Along with several colleagues, I helped put on the “Our Digital Humanity: The Film Series” last month. Based on the university theme, we chose films that connected and supplied new ideas for viewers. While the other films typically took a more direct look at technology, like “Lo and Behold: Reveries of the Connected World”’s documentation of technology’s effects on humanity, and “Her”’s romanticism in regards to technological interaction, “Videodrome,” the film I chose, was the obvious outlier.


David Cronenberg’s “Videodrome” is easily the most unique of the films in the series due in no small part to its content and style. It’s a hallmark of the visceral horror genre, focusing on a fusion of psychological and physical horror. It tells the story of Canadian TV executive Max Renn (James Woods) who stumbles upon a pirate broadcast titled Videodrome. Initially drawn to the hyperrealistic torture and violence in the show, Renn begins to search out the origins of the broadcast, and falls into a web of hallucinations, mind-control, ultra-violence and corruption. Unlike the other films like “Lo and Behold” and “Her,” “Videodrome”  is deeply rooted in surrealistic symbolism and allegorical commentary. Utilizing his trademark visceral horror style, Cronenberg crafts an uncomfortable and dark take on the future of media consumption.

There are two lines in the film which are of particular importance. The first is spoken by Brian O’Blivion, which ends up becoming the backbone for the majority of the plot: “The television screen is the retina of the mind’s eye. Therefore, the television screen is part of the physical structure of the brain. Therefore, whatever appears on the television screen emerges as raw experience for those who watch it. Therefore, television is reality, and reality is less than television.” In “Videodrome,” this is shown literally. The tapes that Max Renn and others watch cause visual and physical hallucinations, quickly increasing in prevalence and complexity to a point where reality and fantasy coexist. However, Cronenberg’s point wasn’t meant to be taken so literally. The real focus here is on our internal changes due to media consumption, specifically the violent ones.


‘Videodrome” sets up the argument that what we watch on television or other formats changes who we are on the inside. Today, the vast majority of these shows are riddled with violence, tragedy, and scandal. If you were to turn on the news, I guarantee there would be something about a violent or offensive act in some form. The most watched TV show on air today, “The Walking Dead,” is also one of the most consistently gruesome. We, as humans, are drawn to violence by our base curiosities. To many of us, it’s something that we’ll never see in actuality, so to fulfill those inclinations we turn to television. In essence, violent television is nothing more than a form of masochistic voyeurism via technological means.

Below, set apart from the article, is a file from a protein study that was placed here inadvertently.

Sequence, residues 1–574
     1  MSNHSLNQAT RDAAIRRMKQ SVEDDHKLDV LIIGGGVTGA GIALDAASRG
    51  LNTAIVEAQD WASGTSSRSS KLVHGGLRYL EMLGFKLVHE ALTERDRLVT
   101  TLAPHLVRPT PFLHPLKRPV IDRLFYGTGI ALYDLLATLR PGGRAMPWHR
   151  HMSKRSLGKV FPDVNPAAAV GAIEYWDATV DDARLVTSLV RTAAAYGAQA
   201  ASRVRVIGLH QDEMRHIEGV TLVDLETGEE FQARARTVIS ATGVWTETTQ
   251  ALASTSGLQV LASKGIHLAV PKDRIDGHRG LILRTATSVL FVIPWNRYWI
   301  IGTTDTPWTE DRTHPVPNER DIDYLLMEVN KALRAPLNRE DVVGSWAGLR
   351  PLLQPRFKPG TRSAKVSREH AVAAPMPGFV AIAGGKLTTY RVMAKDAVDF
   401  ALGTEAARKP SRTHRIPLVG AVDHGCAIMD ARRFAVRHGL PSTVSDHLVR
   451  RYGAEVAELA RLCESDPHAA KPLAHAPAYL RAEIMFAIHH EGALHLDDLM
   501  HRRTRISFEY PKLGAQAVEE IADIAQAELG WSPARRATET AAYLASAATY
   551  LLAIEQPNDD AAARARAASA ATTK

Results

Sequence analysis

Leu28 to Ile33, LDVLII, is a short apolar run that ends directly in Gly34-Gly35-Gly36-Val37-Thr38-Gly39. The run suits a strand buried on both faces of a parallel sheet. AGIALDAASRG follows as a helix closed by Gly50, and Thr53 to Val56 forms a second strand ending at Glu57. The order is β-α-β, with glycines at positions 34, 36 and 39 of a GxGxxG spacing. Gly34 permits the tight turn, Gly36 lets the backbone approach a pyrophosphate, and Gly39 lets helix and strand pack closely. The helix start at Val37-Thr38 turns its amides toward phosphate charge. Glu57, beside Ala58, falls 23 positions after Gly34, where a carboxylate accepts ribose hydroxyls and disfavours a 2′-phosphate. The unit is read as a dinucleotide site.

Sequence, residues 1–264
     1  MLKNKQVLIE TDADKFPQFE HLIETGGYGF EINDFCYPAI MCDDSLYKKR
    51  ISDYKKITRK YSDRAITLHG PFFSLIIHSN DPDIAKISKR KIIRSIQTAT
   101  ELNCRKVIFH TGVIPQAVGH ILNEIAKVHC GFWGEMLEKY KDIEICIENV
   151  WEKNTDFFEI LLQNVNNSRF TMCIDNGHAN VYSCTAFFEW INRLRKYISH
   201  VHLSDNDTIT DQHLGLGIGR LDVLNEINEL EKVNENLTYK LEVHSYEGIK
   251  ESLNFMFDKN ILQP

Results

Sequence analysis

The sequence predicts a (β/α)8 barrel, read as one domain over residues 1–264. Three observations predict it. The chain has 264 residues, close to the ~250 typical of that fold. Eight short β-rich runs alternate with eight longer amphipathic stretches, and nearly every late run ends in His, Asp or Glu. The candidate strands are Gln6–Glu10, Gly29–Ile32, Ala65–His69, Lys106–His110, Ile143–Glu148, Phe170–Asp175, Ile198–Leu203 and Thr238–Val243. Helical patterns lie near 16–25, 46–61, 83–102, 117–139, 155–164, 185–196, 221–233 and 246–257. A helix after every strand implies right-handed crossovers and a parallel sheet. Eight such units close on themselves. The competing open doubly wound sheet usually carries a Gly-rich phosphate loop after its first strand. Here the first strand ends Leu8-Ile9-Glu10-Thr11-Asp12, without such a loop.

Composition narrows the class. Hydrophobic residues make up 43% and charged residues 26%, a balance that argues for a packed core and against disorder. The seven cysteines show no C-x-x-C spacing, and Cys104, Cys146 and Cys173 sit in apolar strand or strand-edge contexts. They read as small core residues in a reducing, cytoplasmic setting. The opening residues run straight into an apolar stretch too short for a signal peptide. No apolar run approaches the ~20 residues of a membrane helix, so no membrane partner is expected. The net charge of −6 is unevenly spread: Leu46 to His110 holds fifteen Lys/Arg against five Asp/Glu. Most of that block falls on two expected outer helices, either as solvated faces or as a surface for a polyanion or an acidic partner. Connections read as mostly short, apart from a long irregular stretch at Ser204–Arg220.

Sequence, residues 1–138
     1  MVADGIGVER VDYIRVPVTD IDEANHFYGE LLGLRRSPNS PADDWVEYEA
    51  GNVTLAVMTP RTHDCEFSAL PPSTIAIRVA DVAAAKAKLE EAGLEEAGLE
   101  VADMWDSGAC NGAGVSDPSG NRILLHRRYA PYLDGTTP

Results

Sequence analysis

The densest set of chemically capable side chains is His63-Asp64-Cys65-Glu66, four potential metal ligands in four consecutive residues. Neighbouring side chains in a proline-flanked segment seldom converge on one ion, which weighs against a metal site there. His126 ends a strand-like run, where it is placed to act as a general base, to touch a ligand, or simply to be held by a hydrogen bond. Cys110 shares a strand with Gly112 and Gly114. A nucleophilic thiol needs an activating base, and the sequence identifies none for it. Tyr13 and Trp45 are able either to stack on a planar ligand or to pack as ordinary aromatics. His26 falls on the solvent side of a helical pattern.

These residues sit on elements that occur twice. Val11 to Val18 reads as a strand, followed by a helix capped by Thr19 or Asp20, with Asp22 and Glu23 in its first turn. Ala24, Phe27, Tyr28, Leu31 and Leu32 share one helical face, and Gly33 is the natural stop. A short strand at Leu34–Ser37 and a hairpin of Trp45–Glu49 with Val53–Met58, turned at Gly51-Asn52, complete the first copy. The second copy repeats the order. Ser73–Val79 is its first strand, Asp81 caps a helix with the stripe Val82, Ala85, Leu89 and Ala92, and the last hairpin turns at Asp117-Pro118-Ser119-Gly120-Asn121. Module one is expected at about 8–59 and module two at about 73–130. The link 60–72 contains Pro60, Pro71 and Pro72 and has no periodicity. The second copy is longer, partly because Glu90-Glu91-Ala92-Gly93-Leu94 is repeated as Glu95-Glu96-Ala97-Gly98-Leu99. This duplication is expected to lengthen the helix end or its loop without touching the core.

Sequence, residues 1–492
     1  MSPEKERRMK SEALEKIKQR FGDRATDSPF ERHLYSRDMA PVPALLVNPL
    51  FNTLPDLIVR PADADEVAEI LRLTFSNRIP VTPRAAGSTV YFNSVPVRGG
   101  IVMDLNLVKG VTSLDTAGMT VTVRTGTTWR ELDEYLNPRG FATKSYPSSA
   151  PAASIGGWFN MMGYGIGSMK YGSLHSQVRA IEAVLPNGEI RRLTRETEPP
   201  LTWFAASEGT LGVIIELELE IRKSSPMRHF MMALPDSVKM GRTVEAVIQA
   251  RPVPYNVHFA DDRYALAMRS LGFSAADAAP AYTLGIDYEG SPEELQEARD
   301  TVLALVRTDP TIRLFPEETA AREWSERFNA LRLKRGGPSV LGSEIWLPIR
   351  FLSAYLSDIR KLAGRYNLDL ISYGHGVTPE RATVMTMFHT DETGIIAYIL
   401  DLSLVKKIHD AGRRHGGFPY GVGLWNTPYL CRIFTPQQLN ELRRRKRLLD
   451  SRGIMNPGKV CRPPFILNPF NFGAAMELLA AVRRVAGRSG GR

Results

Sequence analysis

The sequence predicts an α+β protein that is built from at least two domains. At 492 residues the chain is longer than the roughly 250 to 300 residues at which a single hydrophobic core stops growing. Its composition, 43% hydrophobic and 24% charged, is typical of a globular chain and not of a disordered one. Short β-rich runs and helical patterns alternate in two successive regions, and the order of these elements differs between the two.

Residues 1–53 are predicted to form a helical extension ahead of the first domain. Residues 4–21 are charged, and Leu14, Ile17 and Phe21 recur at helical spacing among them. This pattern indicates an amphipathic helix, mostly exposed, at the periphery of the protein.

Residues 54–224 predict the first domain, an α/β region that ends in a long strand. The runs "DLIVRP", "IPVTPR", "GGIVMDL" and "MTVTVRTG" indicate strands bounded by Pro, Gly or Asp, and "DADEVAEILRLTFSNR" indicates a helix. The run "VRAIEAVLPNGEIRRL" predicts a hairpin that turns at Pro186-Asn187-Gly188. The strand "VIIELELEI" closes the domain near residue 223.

As far as its effect on us, “Videodrome” keeps it purposely vague and open-ended. Though Max Renn’s life seemingly ends in tragedy, the consistency of his hallucinations allows for doubt to seep in. This uncertainty is crucial to “Videodrome” thematic ties to the university theme. Technology is an ever changing and ever evolving field, and as such, our understanding and ties to it change with remarkable frequency. However, by using it to fulfill our darkest fantasies, we can unintentionally allow it to change our thoughts and our minds. In essence, it creates disillusionment and disconnection with the actual tragedy and effects of violence in society.


However, I would not say that “Videodrome” is arguing that violent media needs to disappear completely. The film itself is riddled with grotesque body horror and twisted, violent permutations, which is the exact violence that the film is seemingly arguing against. Instead, the film is arguing a more simple and approachable message: If we are to continue on with our connection to violent media, we must learn to adapt and separate ourselves from what we are viewing. Letting the violence take hold will change us as individuals, and in an increasingly visual and connected society, this idea is imperative to our development.

The second quote from the film is a repeated one: “Long Live the New Flesh.” Often used by people affected by the “Videodrome,” the quote implies a direct correlation between technology and the changing nature of humanity. This ties back to an older point, but instead of looking at a more specific medium (i.e. television), this quote is more open-ended. The film seems to make the argument that technology is, in a sense, the next form of humanity.

Evolution has existed as long as life has existed on the planet. As Charles Darwin initially stated, species change over time to adapt to changes in their environment and lifestyle. Now, while this is predominantly in a natural sense, technology as it exists today hasn’t been around long enough to be considered an evolutionary trigger. But looking around you, isn’t it already changing us as a species? “Long Live the New Flesh” can be considered a call to the future of humanity, as we take advantage of technology in its various forms to help us survive. Limb and organ creation, information sharing, visual editing and changes…any and all of these concepts could help change the development of mankind, and set us on a path toward the ultimate technological singularity.